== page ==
Legal immigration, now under threat from White House, key to reuniting US families

WASHINGTON — When he wants to get his 82-year-old father to exercise, Gianpaolo von Nacher baits him with a trip to his favorite place, Ross Dress for Less.

The ability to monitor his father’s health, cooking with him and having him build a relationship with his daughter are what von Nacher calls “blessings” of bringing his father, Sandro, to live with him in Los Angeles.

 Gianpaolo von Nacher (middle) poses with his daughter, Alejandra, and his father Sandoro in this undated family photo. Courtesy of Gianpaolo von Nacher

“I am who I am, thanks to him,” said von Nacher, who is from Veracruz, Mexico, where his father migrated from Italy. “My mom passed when I was 13. He had to raise us himself. He was always a rock. He taught me what a man is supposed to be as far as being honest, a good husband, loyal, a good worker.”

Foreign national parents, children and siblings of American citizens and legal residents have become the latest target as President Donald Trump and Congress tangle over immigration.

While much of the focus of the immigration debate has been on 800,000 to close to 2 million undocumented immigrants, Trump has pushed family-based immigration into the debate.

Late Thursday, he offered up a path to citizenship for the population of undocumented immigrants known as Dreamers in exchange for a list of border security and immigration enforcement resources, a border wall and significant cuts in the visas reserved for parents, children and siblings of U.S. citizens and legal permanent residents.

According to the Migration Policy Institute, about 1 million green cards are given to immigrants each year, with about two-thirds of those green cards for family-based immigration. The law allows U.S. citizens to sponsor for green cards spouses, minor children and parents and there is no numerical cap on how many of those visas can be granted.

U.S. citizens can also sponsor adult children and siblings, and legal permanent residents can sponsor spouses, minor children and adult married children. Those visas do have numerical caps.

Specific details have yet to be drafted but if the White House’s proposal to cut legal immigration succeeds, that means U.S. citizens wouldn’t be able to bring certain family members to the states as von Nacher did.

 Tammy Lin with members of her family, in a 2002 family photo. Bottom row from left to right, her father Cheng-Sen Lin, her mother Julia Lin. Top row, her cousin Ritchie Chen and Lin. Courtesy Tammy Lin

Von Nacher, 47, said he doesn’t see the logic in such a proposal. “I think having family close makes life easier. It makes us more productive. It makes us happier,” said von Nacher, who came to the U.S. on a tennis scholarship. “I don’t see any downside to being able to take care of our parents.”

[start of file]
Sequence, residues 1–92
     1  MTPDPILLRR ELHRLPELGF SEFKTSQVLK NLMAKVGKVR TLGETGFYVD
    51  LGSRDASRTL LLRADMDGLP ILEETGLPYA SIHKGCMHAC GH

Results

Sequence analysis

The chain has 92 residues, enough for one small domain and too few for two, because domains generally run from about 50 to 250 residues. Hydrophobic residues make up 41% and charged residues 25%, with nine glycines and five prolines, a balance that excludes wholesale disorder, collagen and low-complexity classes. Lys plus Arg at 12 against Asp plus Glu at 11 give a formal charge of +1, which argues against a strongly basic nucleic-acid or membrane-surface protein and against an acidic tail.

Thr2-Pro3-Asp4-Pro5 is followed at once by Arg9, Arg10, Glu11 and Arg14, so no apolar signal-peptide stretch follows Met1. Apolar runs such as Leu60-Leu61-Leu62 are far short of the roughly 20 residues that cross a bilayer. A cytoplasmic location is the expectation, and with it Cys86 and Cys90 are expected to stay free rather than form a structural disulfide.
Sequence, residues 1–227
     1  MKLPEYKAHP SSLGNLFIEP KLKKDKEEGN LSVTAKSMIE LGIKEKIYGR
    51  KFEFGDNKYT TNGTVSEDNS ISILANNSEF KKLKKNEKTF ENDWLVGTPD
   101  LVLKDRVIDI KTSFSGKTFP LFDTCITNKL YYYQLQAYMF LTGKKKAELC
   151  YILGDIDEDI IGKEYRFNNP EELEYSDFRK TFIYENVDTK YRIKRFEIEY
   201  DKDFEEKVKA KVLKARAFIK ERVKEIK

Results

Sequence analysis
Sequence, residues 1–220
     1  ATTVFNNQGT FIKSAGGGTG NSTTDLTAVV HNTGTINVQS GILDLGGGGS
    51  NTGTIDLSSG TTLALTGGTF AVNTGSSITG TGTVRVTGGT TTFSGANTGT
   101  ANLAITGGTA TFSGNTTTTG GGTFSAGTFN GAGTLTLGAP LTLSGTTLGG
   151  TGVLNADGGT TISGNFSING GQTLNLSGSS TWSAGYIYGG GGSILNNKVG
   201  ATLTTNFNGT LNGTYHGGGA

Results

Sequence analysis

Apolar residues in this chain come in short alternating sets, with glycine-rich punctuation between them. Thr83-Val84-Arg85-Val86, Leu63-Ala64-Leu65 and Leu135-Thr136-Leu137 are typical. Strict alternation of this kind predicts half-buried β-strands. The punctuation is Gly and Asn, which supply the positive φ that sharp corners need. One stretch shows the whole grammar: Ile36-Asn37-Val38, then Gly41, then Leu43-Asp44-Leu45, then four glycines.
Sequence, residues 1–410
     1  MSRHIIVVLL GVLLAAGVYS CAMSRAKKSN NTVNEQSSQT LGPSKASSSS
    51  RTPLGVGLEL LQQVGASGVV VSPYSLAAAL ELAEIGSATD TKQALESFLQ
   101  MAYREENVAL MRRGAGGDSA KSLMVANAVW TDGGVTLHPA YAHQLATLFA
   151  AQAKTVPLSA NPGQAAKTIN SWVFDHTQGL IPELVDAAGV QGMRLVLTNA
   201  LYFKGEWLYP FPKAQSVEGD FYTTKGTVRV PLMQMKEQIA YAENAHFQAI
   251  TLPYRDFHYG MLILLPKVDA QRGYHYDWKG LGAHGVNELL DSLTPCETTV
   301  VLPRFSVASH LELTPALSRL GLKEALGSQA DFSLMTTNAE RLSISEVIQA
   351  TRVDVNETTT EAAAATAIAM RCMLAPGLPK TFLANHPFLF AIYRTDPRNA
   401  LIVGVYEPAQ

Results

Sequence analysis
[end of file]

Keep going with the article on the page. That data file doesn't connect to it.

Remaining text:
Immigration attorney Tammy Lin, who was born and raised in Texas, can reel off a list of family members who are now in the United States thanks to family-sponsored visas. Her mother, born in China, became a U.S. citizen and then brought Lin’s grandmother and aunts to the states in the 1970s.

Lin’s father, one of 10 children, also brought his mother to America using the same type of visa. An uncle, who was also in the U.S., brought brothers and sisters who brought their children, Lin’s cousins, all whom earned college degrees.

Lin’s parents ran a restaurant, so her grandmother helped care for her while they worked.

“Being raised with my grandmother helped me realize a bit about my own history, my culture, my language skills, which helped my career,” said Lin, who learned Mandarin from her grandmother.

Von Nacher, an engineer, saw a similar bond grow between his father and his daughter, Alejandra, now 17. When she visited him in Los Angeles from the Midwest at the age of 10, she had the chance to bond with her grandfather, he said.

“Their relationship is beautiful,” he said. Alejandra has learned to speak Spanish and Italian from her grandfather, learned to cook and now she wants to go to Italy or Mexico, von Nacher said.

 Rose Stanton of Glendale, Calif., poses with her daughter, Stephanie, at a concert they attended last year. Courtesy Rose Stanton

Rose Stanton, 49, met her husband, a U.S. citizen, in Jalisco, Mexico. They married in 1991 and are now living in California. There was no family on hand to help when her first two children of three were born.

“I felt lonely. I thought it was needed for my kids to get to know my parents. It’s kind of hard to grow up and not have [grandparents] around,” she said.

Stanton grew up in a family of 10 that was very close, she said. After she brought her parents over through legal immigration, her children were able to have some of that same family closeness with her parents, she added.

“I wanted them to have what I had when I was a kid. My mom’s cooking. My mom’s arms. My parents were so sweet and I wanted my kids to have that,” Stanton said.

Now she is petitioning for two brothers and a sister to relocate to the U.S., but she said she is nervous after hearing about Trump’s proposed plan to decrease legal immigration here.

Stanton added that the visas now under threat by the president’s policies are crucial to how families are reunited stateside.

“Isn’t that what America is about?” she asked. “First the father and then the mother and then the kids and then the brother. Isn’t America about people immigrating to America?”

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